From Clemson Extension Agent Rob Last and Plant Pathologist Tony Keinath.
Charcoal rot was identified in a cantaloupe crop in South Carolina this week. The fungus responsible for the disease is Macrophomina phaseolina, a soil-borne fungus that survives as microsclerotia.
The fungus affects more than 800 host plants. These range from corn and soybean to potato and strawberry. Watermelon is also a good host, while cucumber and squash are less susceptible than cantaloupe.
Typically, the disease is more prevalent in hot, dry conditions, as we have been experiencing across the state this season.
In cantaloupes, the disease is a post-harvest disease, often with no visible external symptoms to the fruit.
The vines may wilt under high temperatures and a fruit load on an infected plant. When inspecting the plant’s crown (at the soil line), cankers can be visible, similar to a gummy stem blight canker, but unlike gummy stem blight, fruiting bodies will not be present.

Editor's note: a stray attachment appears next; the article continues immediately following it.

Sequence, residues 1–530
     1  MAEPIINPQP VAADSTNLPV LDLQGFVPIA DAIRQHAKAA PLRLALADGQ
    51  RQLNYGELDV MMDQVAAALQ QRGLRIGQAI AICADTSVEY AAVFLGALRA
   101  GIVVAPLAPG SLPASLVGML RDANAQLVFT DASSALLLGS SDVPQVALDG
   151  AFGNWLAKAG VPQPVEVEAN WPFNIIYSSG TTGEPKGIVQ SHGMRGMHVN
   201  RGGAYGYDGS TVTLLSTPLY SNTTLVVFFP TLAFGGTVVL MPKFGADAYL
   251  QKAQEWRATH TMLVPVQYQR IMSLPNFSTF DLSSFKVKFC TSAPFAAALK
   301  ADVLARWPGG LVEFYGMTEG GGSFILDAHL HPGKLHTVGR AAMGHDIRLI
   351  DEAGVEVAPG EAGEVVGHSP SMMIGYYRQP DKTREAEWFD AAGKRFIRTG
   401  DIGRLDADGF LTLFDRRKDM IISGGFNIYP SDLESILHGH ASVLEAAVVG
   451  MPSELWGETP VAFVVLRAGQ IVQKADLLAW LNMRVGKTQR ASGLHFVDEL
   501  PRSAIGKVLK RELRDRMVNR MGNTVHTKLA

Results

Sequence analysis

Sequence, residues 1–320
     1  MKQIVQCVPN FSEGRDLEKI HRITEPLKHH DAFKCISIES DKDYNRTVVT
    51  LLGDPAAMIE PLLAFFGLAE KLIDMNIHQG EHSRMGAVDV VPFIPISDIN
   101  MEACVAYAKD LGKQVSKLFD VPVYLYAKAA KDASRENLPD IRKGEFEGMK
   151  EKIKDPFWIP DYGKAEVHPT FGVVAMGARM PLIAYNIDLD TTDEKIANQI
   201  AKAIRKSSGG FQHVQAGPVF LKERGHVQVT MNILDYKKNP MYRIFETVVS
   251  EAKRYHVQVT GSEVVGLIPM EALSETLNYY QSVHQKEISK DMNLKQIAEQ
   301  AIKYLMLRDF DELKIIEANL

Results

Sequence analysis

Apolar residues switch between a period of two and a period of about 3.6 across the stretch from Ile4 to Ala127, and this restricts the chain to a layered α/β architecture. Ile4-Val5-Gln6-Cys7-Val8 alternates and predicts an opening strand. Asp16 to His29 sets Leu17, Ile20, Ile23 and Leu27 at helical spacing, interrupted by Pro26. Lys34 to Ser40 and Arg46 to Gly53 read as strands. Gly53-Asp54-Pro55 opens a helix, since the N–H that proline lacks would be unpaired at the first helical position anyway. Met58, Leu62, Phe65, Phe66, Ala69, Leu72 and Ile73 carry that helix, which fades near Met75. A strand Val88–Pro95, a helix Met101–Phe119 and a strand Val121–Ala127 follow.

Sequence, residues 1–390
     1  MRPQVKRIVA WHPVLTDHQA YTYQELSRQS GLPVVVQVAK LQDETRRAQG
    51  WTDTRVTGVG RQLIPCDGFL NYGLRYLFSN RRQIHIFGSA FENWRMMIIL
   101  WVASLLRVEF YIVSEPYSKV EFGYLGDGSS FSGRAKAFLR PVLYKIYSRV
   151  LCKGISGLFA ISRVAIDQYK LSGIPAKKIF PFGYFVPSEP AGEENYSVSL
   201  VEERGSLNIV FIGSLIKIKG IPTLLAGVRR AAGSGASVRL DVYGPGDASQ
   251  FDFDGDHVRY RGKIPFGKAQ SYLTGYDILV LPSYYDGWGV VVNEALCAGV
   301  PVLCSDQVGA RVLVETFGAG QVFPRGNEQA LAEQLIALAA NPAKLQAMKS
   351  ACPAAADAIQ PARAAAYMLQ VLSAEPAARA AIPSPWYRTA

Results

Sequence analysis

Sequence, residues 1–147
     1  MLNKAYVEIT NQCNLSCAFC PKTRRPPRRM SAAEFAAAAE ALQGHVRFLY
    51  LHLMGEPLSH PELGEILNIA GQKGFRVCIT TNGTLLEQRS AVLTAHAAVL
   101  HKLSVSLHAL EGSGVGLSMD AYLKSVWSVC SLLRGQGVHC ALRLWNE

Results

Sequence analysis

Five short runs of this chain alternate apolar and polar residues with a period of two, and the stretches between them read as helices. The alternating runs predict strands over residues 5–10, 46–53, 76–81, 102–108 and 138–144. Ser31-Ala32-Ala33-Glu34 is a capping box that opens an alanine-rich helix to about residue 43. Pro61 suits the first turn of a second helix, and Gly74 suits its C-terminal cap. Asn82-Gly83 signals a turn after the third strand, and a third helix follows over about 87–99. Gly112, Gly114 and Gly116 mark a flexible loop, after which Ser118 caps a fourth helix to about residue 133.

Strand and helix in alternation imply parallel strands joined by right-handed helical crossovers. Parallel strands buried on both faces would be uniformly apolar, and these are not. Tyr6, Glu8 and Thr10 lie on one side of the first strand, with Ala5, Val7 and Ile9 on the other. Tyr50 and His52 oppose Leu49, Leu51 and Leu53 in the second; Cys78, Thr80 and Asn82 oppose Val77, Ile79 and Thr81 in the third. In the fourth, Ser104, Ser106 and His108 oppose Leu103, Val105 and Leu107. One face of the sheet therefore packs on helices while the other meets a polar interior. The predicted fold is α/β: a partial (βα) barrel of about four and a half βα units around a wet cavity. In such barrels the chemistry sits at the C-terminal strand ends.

The example found this week showed no visible symptoms on the fruit’s exterior. However, twelve hours after harvest, the fruit began to collapse.
Under the microscope, the black lesion consists of microsclerotia.
Treatment and Management
There are no effective conventional or organic fungicides for minimizing the rot, either preventative or curative.
Rotation is crucial; avoiding susceptible hosts for 2 to 3 years can reduce the severity of infection. Wheat and rye are the best crops for rotation. Do not use corn, sorghum, sunflower, or any legumes, including soybean, southern pea, green bean, or peanut, in the rotation.
Fumigants may be effective in reducing the viable microsclerotia in the soil.
When cultivating the field after the season, cultivate the affected area of the field last, and sanitize equipment to prevent spreading the sclerotia to other “clean fields.”